Greetings from Mindanao!
Right now we are in my parents’ house, back again after more than three years. Raviv seems to be having the time of his life. Indeed, the past days have been anything but boring and monotonous especially for our little boy. If only I already have my own laptop, I’d have blogged about it earlier. Unfortunately, my MacBook Air hasn’t been repaired yet. The technician said that the all-in-one chip needs to be replaced, and he doesn’t have a spare. 🙁 He said he has been ordering these chips since three months ago. Until now, nada. Which means I either have to go back to PowerMac or buy a new laptop. Or wait for however long it takes. Sigh. So right now, I’m at the mercy of the people from whom I borrow laptops.
Xavier School Kindergarten Entrance Exam/Test
Anyway, Raviv’s “hectic” schedule started last Friday when he took his first ever “big school” entrance exam at Xavier School Nuvali.
The night before his exam, I was already prepping him up for it.
I: Raviv, are you ready for your test tomorrow?
Raviv: What’s a test, Nanay?
I: Test…it’s an exam.
Raviv: What’s an exam, Nanay?
Raviv really can’t grasp what a test or an exam is because even if he started going to school as early as 1.5 years, all schools he has been to (Rainbow and Gymboree) are progressive and do not give examinations to students. So we just explained that the exam will determine whether he is ready to enter the school for big kids.
Since his first exam (the group activity) was scheduled at 11 a.m., I pulled him out of his class at 10:30. I let him eat his snacks while in the car en route to Xavier. The guard directed us to the David M. Consunji Administration Bldg.
When we arrived, we just waited for a while and then Raviv and the other applicants were called one by one for their group activity. All of them were boys.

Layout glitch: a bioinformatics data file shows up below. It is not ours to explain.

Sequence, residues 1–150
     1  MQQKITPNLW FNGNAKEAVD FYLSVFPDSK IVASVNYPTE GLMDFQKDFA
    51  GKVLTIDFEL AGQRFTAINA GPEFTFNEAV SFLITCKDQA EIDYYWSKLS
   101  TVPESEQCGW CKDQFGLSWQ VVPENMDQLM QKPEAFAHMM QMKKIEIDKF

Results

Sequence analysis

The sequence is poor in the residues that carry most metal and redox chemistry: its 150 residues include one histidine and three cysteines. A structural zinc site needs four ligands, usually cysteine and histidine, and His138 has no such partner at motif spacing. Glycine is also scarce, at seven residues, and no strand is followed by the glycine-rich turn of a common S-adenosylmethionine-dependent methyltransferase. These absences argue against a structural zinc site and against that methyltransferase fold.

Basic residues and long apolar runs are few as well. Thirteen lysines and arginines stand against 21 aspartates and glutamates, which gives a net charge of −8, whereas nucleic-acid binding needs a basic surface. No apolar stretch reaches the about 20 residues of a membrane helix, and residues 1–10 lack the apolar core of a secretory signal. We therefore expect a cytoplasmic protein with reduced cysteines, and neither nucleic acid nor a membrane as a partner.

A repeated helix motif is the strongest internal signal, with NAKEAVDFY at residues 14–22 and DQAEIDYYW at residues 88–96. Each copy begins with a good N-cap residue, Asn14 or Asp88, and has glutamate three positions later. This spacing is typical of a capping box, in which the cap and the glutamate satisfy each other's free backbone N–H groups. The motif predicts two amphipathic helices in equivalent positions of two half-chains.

I was told that this activity was necessary to see how an applicant interacts with other kids.
After about 15 minutes, Raviv’s group was done. Raviv excitedly ran towards us and reported there was a playground. We were then instructed to return at 1:45 p.m. for Raviv’s individual test. The indivudual test ended at 2:35 p.m.
After the exam…
I: Raviv what were the questions in the test? What did they ask you to do?
Raviv: There were so many.
I: Can you tell me?
Raviv: I forgot.
Then after a few minutes in the car…
Raviv: Remember Tatay when we saw a hippo at Manila Zoo?
Randy: Wow you still remember that? That was long time ago!
Raviv: Yeah I remember everything…
I: O if you remember everything then why do you say that you’ve forgotten the exam at Xavier?!?
Raviv: That’s because I don’t wanna talk about it. OK?
Walastik na bata! Lalo tuloy akong kinabahan—sobrang hirap ba kaya ayaw n’ya nang pag-usapan? In my heart, I feel that he would pass the exam talaga. I really think he’s ready for big school. But still, I don’t want to discount the possibility that he may have done something that would cause Xavier to reject him. Randy says that if it happens, that’s fate telling us already that it’s not the school for Raviv.
Why Xavier School?
I’ve already mentioned that even if Raviv makes it to Xavier, we still aren’t sure he’ll actually go there. Randy is still hopeful that Raviv would end up going to a Los Banos school.
Actually, if you asked me 5-10 years ago where my future children will go to school in elementary, I’d have mentioned the name of a private school in Los Banos without batting an eyelash. I even used to wonder why in the world do some parents still enroll their kids in other private schools given that it’s as clear as day that when it comes to academics, this school is arguably the best. But many things have changed: the faculty of that school, my take on education, where we live and work, etc. Moreover, I’ve also been exposed to students of more schools north of Los Banos and Metro Manila. So my perspectives and standards have definitely changed.
In the early part of the year, it was a toss between Acacia Waldorf and Xavier. I’ve read so many glowing reviews and articles about a Waldorf education. Parents who send their kids to Acacia Waldorf highly recommend the school to me.
I love the idea of educating a child’s “head, heart and hands” through science and math (head); arts, music and literature (heart); and home economics, agriculture and carpentry (hands) equally. However, to get the most out of Raviv’s (expensive) Waldorf education, we also need to extend Waldorf practices at home. And although I’m willing to make these changes (in theory, at least. Ewan ko lang sa tunay na buhay), Randy isn’t. So really, there’s no reason to even pursue it.
So by default, Xavier it is. I have specific reasons why of all schools it’s in my shortlist, but let’s save that for another blogpost. For now, let’s just all hope and pray Raviv did well in his test!
Tell me what you think!
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